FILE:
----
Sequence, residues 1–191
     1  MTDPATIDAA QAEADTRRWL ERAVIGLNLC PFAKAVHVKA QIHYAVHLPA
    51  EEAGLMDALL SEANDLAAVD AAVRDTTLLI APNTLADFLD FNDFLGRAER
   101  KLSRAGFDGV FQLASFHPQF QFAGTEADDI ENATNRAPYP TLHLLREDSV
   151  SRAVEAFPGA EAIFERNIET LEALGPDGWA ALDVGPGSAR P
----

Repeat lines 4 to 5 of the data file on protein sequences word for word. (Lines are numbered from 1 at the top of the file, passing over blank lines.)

   101  KLSRAGFDGV FQLASFHPQF QFAGTEADDI ENATNRAPYP TLHLLREDSV
   151  SRAVEAFPGA EAIFERNIET LEALGPDGWA ALDVGPGSAR P